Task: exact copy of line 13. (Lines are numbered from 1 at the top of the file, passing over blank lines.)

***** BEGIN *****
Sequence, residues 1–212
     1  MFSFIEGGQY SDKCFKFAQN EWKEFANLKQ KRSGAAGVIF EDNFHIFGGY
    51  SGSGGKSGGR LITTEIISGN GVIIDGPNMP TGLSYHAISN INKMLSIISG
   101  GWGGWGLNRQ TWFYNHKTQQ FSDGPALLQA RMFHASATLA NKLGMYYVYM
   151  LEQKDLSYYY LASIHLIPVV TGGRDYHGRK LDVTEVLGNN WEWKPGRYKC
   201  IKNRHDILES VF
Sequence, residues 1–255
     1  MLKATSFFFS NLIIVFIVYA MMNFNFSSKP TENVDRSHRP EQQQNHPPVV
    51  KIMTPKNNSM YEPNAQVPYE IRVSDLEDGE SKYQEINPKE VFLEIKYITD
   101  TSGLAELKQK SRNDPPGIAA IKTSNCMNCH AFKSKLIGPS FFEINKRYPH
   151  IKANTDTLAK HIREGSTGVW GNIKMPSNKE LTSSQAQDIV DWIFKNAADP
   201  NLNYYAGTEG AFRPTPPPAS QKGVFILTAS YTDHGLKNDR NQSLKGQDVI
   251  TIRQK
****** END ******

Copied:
   251  TIRQK